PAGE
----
from any single decision (not that we should ever have known because Arts Council meetings have scandalously never been minuted). Instead, it evolved gradually as the number of new galleries increased. These were created specifically to give outlets for those making Modern Art. Indeed, google_ad_height = 90; new galleries would eventually be designed so //--> that no other kind of work except conceptualism and installations could be shown properly. Significant increases in Government funds to the Arts Council promised in Lee’s document allowed them to effect this important change.

The original outlet of this franchise system was the ICA, the first “rallying ground” for extremism as Wyndham Lewis called it, which had been helped before (since its foundation in 1948) but which from 1968 received an annual subvention. This has continued to date and

currently runs at £1.5 million a year with the add-ons of bail-outs (due to maladministration) and Lottery funds. What started only as ad hoc assistance in the case of the Institute of Contemporary Art moved into top gear with the founding of the Hayward Gallery (also 1968), the Serpentine (1970), the Whitechapel (from the mid-’70s), Camden Arts Centre, Matt’s Gallery (1971), Chisenhale Studios (1983) and, later, South London Art Gallery.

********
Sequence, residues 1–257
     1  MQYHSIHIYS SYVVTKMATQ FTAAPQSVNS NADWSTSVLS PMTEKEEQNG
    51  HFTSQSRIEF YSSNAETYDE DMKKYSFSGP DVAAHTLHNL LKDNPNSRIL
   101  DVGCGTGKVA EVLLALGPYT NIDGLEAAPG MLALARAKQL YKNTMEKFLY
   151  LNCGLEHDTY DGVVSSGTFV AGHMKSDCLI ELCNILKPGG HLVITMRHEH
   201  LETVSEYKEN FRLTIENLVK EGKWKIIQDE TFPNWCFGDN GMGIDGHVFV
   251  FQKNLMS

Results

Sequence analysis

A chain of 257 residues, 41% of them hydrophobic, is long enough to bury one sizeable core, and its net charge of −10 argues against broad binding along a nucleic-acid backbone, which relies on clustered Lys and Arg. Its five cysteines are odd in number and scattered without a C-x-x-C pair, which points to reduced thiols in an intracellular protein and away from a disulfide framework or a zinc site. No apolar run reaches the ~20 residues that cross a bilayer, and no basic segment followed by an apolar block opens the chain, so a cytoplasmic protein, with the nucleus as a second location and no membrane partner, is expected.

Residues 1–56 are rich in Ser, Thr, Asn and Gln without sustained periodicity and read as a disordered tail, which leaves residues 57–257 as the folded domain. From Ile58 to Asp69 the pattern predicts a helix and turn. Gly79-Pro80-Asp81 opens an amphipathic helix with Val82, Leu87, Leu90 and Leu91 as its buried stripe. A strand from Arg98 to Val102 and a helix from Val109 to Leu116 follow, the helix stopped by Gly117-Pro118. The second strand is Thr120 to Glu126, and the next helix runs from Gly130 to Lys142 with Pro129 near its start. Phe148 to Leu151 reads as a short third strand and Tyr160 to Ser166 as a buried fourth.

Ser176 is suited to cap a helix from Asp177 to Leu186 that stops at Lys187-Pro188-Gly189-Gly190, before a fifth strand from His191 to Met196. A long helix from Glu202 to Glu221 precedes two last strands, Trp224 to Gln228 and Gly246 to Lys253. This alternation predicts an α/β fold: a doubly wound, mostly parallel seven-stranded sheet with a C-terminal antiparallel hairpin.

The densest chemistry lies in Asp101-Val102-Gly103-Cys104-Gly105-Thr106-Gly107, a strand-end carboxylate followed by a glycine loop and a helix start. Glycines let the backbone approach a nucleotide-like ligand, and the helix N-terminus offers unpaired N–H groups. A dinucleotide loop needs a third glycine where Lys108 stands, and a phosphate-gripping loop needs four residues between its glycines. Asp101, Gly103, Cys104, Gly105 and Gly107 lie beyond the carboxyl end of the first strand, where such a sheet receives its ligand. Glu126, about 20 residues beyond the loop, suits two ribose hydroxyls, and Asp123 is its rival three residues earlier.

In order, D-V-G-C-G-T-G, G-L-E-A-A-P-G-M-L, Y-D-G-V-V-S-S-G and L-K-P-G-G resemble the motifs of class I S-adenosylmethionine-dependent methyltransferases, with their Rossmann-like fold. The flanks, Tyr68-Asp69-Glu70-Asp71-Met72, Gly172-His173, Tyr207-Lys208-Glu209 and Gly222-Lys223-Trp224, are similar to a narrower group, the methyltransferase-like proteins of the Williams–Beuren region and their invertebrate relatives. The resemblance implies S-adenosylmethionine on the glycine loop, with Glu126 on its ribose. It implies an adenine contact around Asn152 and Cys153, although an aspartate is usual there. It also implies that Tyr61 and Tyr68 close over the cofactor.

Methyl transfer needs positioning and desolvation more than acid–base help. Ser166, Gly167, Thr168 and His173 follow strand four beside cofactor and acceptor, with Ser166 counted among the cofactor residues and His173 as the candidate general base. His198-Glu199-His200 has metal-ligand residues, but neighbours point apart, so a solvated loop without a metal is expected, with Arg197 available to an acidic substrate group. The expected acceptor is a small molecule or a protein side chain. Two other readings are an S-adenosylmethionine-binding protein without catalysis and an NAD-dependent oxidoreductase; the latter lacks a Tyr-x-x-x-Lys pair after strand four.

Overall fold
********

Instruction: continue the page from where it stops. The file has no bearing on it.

Other galleries opened in the provinces, Ikon in Birmingham for example as early as 1965, though state subsidy came later. By

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1975 the Council was keeping afloat three London galleries, the ICA, the
Hayward and the Serpentine, and six regional ones. Additionally, a national network
of Council-funded photography galleries followed the founding of The Photographers’ Gallery in London in 1971. The Council also soon began subsidising new art magazines whose purpose was to google_ad_height = 90; write about what was shown in its own galleries. And so the Council’s approach to visual art quickly evolved into a neat self-contained operation which outsiders might easily have believed was independent.

This process of opening franchise galleries quickened after the introduction of the National Lottery in 1994, that jackpot for the arts whose funds led to a rash of arts centres around the country with similar agendas dictated by the Council. Some of these were

notorious white elephants and led to the wasting of tens of millions. (Like the bankers in 2008, Arts Council/Lottery functionaries never get sacked even for the most egregious mismanagement.) It is an irony that the appalling wastes of

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money of which the Council has been guilty have coincided with their predictable annual complaints about Government parsimony. If you were starting from scratch a

with laurel cluster must go to T. S. Eliot. In the 1930s he expressed anxiety that public funding of the arts would too easily lead to state control and a proliferation of mediocrity in place of the prospering of what was then a genuinely unpredictable avant garde. Some crystal ball!

David Lee
The Jackdaw Jan/Feb 2017